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Open Access Research article

Downregulation of genes with a function in axon outgrowth and synapse formation in motor neurones of the VEGFδ/δ mouse model of amyotrophic lateral sclerosis

Alice Brockington1, Paul R Heath1, Hazel Holden1, Paul Kasher1, Florian LP Bender2, Filip Claes3, Diether Lambrechts3, Michael Sendtner2, Peter Carmeliet3 and Pamela J Shaw1*

Author Affiliations

1 Academic Neurology Unit, University of Sheffield, E Floor, Medical School, Beech Hill Road, Sheffield S10 2RX, UK

2 Institute for Clinical Neurobiology, University of Würzburg, D-97080 Würzburg, Germany

3 Vesalius Research Centre, VIB - KULeuven, Leuven, Belgium

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BMC Genomics 2010, 11:203  doi:10.1186/1471-2164-11-203

Published: 26 March 2010

Abstract

Background

Vascular endothelial growth factor (VEGF) is an endothelial cell mitogen that stimulates vasculogenesis. It has also been shown to act as a neurotrophic factor in vitro and in vivo. Deletion of the hypoxia response element of the promoter region of the gene encoding VEGF in mice causes a reduction in neural VEGF expression, and results in adult-onset motor neurone degeneration that resembles amyotrophic lateral sclerosis (ALS). Investigating the molecular pathways to neurodegeneration in the VEGFδ/δ mouse model of ALS may improve understanding of the mechanisms of motor neurone death in the human disease.

Results

Microarray analysis was used to determine the transcriptional profile of laser captured spinal motor neurones of transgenic and wild-type littermates at 3 time points of disease. 324 genes were significantly differentially expressed in motor neurones of presymptomatic VEGFδ/δ mice, 382 at disease onset, and 689 at late stage disease. Massive transcriptional downregulation occurred with disease progression, associated with downregulation of genes involved in RNA processing at late stage disease. VEGFδ/δ mice showed reduction in expression, from symptom onset, of the cholesterol synthesis pathway, and genes involved in nervous system development, including axonogenesis, synapse formation, growth factor signalling pathways, cell adhesion and microtubule-based processes. These changes may reflect a reduced capacity of VEGFδ/δ mice for maintenance and remodelling of neuronal processes in the face of demands of neural plasticity. The findings are supported by the demonstration that in primary motor neurone cultures from VEGFδ/δ mice, axon outgrowth is significantly reduced compared to wild-type littermates.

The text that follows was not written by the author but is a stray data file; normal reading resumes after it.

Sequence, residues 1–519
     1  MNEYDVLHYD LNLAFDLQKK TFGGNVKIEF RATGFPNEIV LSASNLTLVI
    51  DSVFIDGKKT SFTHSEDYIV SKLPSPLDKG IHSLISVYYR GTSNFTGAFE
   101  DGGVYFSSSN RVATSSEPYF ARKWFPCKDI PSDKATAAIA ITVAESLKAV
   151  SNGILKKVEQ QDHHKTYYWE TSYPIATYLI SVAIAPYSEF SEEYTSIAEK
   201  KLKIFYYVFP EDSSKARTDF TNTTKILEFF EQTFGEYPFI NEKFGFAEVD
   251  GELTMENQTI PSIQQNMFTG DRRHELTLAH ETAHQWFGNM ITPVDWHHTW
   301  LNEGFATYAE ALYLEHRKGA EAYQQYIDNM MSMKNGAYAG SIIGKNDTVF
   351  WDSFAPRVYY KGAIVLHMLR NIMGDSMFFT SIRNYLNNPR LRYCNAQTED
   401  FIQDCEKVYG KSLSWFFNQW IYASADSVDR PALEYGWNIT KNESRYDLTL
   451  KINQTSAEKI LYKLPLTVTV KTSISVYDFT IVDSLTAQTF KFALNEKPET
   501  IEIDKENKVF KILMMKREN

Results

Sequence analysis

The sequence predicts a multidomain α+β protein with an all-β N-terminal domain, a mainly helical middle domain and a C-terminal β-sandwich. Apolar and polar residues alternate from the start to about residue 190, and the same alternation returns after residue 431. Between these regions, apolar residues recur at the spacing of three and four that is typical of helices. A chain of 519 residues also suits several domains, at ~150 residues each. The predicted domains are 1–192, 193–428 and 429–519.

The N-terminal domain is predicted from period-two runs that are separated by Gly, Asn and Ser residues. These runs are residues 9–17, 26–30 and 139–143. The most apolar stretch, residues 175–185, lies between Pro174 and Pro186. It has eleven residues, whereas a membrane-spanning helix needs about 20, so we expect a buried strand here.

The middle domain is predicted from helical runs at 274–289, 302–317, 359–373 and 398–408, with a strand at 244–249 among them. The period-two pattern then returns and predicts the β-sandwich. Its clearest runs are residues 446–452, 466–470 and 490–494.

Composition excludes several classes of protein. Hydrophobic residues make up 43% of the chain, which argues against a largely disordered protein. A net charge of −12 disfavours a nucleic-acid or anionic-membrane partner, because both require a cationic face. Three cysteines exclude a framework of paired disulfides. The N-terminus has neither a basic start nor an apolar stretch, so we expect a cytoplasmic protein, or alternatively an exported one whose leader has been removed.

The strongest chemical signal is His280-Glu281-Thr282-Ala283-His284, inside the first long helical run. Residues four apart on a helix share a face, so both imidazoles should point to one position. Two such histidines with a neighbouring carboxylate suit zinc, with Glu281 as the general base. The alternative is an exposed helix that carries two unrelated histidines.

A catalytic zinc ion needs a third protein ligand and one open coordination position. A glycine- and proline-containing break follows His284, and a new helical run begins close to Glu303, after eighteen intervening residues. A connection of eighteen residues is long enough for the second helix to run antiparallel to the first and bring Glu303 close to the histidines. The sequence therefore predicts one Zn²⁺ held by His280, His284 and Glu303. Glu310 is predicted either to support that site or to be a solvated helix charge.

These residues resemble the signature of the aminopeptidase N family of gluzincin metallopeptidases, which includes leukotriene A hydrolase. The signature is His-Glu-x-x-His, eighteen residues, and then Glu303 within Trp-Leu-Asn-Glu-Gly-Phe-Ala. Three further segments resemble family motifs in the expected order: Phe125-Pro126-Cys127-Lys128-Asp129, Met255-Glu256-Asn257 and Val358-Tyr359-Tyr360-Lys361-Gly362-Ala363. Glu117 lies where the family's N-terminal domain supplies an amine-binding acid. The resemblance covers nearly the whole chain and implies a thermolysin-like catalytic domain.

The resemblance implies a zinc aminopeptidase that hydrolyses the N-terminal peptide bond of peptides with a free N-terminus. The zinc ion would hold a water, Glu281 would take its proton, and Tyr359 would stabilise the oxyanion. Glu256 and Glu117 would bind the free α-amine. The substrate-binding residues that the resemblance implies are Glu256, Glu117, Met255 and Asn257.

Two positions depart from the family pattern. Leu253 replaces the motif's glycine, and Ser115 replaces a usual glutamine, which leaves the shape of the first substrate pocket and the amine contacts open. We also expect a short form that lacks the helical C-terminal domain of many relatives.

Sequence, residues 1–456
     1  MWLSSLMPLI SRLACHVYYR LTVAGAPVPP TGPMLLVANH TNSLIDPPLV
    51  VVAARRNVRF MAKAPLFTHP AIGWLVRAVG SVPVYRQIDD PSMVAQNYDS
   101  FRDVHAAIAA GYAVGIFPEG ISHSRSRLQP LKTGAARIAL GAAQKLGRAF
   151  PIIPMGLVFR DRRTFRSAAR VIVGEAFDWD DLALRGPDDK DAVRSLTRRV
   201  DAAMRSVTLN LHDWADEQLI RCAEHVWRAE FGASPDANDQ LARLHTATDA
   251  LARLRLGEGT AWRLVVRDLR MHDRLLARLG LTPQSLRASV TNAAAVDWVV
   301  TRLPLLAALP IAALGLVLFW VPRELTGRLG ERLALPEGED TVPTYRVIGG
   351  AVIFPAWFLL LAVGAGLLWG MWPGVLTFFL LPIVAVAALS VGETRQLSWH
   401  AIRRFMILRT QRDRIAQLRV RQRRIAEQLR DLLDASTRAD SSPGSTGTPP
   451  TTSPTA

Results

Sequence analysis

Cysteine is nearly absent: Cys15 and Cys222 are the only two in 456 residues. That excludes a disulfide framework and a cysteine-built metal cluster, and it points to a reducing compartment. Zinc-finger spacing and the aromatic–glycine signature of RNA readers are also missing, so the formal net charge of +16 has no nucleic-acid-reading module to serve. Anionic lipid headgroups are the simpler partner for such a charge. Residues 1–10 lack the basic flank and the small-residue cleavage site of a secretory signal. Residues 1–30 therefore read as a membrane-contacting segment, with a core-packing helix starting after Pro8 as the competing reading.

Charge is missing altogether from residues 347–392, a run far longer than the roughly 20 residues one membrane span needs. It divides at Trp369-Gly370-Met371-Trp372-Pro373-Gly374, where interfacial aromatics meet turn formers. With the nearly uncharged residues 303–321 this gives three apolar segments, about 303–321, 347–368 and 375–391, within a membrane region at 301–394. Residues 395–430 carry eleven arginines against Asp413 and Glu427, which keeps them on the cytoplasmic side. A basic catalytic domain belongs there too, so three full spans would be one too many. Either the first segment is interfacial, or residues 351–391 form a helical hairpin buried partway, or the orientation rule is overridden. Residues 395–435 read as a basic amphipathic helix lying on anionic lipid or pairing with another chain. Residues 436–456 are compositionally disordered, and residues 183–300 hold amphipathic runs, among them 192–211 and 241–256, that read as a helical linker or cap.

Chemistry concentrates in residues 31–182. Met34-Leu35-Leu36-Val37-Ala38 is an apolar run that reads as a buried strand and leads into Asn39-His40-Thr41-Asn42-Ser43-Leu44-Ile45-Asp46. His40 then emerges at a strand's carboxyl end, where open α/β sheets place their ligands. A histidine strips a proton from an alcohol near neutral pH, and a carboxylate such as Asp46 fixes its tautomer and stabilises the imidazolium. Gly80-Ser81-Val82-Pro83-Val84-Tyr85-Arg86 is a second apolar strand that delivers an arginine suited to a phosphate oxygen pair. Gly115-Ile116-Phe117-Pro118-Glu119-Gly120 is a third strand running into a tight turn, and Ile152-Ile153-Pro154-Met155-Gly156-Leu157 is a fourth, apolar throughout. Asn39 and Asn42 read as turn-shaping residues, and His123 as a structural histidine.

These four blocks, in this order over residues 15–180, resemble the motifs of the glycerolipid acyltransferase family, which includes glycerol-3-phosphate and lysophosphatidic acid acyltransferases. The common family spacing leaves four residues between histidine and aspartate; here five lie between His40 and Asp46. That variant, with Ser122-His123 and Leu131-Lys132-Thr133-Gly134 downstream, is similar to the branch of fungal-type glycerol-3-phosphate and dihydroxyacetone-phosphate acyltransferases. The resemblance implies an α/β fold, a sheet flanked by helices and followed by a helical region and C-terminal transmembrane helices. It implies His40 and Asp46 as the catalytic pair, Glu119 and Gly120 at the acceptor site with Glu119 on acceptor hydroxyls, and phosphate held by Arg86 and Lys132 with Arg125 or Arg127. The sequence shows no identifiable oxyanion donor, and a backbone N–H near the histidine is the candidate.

Conclusions

Downregulation of these genes involved in axon outgrowth and synapse formation in adult mice suggests a hitherto unrecognized role of VEGF in the maintenance of neuronal circuitry. Dysregulation of VEGF may lead to neurodegeneration through synaptic regression and dying-back axonopathy.